When you eat carbohydrates such as sugars your body breaks them down to glucose, which is the shortest chain carbohydrate. The glucose then travels around your body and is used for energy by your brain and body. However, if there is more glucose than immediately needed it gets pushed into your fat cells. The amount of glucose in your blood is called blood glucose or blood sugar level.
The main factor is the food you eat - especially sugary and carby foods. Other things that can affect sugar levels are exercise (when you exercise your body releases your glycogen stores to give you more energy) and stress levels (when your stress levels are high your body goes into “fight or flight mode” also releasing those glycogen stores). Spikes from exercise are not a problem, because your muscles are immediately using up that glucose.
When your sugar levels increase this causes insulin levels to increase. Insulin pushes glucose into your fat cells. So higher levels of insulin will cause more weight gain. Keeping your sugar levels balanced will reduce the amount of insulin your body produces and so reduce the amount of glucose that gets pushed into your fat cells. Also, if you no longer get sugar crashes, you’ll no longer get those tricky food cravings. This also makes dieting much easier.
When your sugar levels are crashing, you may become distracted and lose focus. Your body is worrying that your sugar will get too low and so wants you to focus purely on finding food (it's lower down Maslow’s pyramid of needs). By keeping your sugar levels balanced, you’ll not get distracted by your stomach, and will have achieved better focus throughout the day.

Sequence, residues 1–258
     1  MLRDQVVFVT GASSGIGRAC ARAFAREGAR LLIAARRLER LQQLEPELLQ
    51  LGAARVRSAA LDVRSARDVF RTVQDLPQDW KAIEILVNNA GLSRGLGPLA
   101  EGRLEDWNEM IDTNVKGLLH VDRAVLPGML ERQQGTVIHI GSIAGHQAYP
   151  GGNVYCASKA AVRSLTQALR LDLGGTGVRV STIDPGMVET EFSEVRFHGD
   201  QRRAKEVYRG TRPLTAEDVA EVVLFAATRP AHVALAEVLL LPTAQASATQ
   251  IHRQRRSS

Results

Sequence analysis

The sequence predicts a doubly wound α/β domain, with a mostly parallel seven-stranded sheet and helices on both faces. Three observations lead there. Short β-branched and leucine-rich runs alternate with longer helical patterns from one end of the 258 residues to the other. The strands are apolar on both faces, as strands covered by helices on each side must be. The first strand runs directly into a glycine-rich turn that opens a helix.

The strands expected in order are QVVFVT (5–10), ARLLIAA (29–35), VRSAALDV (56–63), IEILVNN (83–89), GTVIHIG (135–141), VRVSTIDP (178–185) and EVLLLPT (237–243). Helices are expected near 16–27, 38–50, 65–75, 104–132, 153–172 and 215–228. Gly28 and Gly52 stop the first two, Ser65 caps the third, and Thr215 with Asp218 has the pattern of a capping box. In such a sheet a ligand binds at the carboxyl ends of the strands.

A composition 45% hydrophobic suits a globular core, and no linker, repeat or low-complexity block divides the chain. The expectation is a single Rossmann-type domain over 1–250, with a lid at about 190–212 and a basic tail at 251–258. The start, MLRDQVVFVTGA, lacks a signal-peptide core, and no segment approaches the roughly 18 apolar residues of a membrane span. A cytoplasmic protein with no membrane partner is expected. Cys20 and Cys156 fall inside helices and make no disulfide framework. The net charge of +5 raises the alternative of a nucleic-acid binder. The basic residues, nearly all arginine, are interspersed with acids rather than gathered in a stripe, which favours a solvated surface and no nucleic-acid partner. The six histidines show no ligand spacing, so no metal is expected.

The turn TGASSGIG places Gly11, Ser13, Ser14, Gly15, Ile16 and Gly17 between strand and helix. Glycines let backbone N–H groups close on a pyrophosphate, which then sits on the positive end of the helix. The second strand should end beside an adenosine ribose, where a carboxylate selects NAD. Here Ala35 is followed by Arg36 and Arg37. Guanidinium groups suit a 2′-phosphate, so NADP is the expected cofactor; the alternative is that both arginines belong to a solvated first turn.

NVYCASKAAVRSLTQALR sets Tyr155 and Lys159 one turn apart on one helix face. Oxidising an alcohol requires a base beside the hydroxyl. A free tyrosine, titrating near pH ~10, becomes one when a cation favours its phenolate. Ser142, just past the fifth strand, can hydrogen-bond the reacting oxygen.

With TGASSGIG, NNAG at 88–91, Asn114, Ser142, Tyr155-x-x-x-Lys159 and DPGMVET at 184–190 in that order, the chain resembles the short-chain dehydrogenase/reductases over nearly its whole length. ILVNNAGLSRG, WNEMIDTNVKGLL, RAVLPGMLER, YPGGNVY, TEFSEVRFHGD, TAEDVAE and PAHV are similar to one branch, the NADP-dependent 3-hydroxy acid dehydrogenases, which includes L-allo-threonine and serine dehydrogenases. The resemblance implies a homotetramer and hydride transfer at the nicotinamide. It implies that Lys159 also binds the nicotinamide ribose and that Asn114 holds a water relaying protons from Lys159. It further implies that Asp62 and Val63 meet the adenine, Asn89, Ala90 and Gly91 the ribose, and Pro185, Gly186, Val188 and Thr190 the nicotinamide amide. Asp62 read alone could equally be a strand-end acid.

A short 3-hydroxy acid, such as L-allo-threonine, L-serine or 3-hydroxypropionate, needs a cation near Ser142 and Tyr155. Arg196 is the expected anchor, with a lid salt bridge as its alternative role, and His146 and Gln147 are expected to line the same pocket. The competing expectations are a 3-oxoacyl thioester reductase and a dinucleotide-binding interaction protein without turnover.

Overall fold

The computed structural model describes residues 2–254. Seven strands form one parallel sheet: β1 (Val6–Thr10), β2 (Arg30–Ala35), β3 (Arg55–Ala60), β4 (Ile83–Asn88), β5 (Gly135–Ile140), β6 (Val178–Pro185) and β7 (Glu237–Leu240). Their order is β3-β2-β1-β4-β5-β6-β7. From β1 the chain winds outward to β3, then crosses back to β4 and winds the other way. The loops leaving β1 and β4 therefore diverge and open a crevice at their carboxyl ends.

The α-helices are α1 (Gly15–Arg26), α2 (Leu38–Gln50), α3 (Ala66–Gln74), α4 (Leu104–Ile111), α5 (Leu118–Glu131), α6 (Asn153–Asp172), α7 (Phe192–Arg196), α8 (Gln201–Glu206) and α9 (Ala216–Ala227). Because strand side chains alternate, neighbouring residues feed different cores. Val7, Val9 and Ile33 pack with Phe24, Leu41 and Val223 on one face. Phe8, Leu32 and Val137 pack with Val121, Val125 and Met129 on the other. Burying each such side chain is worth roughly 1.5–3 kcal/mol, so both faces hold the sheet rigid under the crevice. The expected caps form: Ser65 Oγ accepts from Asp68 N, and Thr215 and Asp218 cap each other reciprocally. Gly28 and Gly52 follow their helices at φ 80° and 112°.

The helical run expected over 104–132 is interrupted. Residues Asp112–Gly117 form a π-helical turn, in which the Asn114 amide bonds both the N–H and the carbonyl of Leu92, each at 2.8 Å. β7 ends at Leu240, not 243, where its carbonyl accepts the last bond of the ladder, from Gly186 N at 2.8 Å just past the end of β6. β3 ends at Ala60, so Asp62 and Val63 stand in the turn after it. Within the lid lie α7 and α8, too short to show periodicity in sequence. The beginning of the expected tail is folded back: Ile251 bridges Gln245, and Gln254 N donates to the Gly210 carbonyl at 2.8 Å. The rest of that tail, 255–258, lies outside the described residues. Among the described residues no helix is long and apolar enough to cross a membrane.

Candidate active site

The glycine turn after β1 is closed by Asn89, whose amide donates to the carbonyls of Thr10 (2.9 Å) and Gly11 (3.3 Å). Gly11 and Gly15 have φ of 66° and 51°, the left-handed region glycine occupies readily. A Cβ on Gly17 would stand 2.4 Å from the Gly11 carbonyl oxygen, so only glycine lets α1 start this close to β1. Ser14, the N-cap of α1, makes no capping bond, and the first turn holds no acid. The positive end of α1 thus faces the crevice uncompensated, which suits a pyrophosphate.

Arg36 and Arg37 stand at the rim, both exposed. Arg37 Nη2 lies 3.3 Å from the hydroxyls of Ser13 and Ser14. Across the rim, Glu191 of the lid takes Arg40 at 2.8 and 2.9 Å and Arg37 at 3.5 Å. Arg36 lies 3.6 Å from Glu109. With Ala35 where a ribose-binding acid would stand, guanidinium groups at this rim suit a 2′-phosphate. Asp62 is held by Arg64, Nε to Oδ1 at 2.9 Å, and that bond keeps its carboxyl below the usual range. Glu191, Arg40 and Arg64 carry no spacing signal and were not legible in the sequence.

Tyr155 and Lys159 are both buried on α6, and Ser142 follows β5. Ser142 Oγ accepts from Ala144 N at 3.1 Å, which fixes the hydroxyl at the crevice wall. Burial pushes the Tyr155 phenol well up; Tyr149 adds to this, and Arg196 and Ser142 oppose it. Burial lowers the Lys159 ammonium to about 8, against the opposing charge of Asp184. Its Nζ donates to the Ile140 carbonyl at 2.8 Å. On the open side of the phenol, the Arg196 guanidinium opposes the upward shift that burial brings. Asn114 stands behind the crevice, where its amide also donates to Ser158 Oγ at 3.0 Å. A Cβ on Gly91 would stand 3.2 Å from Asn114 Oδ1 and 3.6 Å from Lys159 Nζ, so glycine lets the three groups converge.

Crashing sugar levels, especially when they fall below your baseline (the level when you wake up) can make you hangry and irritable. Another downside of these crashes is that having the discipline required to fight these crash cravings all the time can be very hard.
There are many factors involved, including genetics, lifestyle and insulin sensitivity. However, what seems to be the most interesting and a strong predictive factor is the gut microbiome (the bacteria in your gut). This is a hot area of study with cutting edge research coming out every week.
myLevels shows you real-time impact of food on your body and lets you see the results for yourself. There are other "personalised diets" which test your gut microbiome (by you sending a stool sample), your DNA (by you sending a spit sample) or your blood. They then predict what foods will be least likely to spike your sugar levels and send you a report, but you do not get to see how the model came up with these suggestions. There is much less room for error in our approach because the myLevels results come from the actual sugar responses of your body, not a prediction of them.
We give out invite codes to existing myLevels users - so they can share with their friends. This code gets you to the top of the waitlist and you can directly join the next "level".
For the early beta cohorts, the cost is only £99 for Android users. For iPhone users the cost is £199 because we also need to order expensive NFC-Bluetooth adapters for you (Apple is restrictive with the use of the NFC) - the adapter can be reused.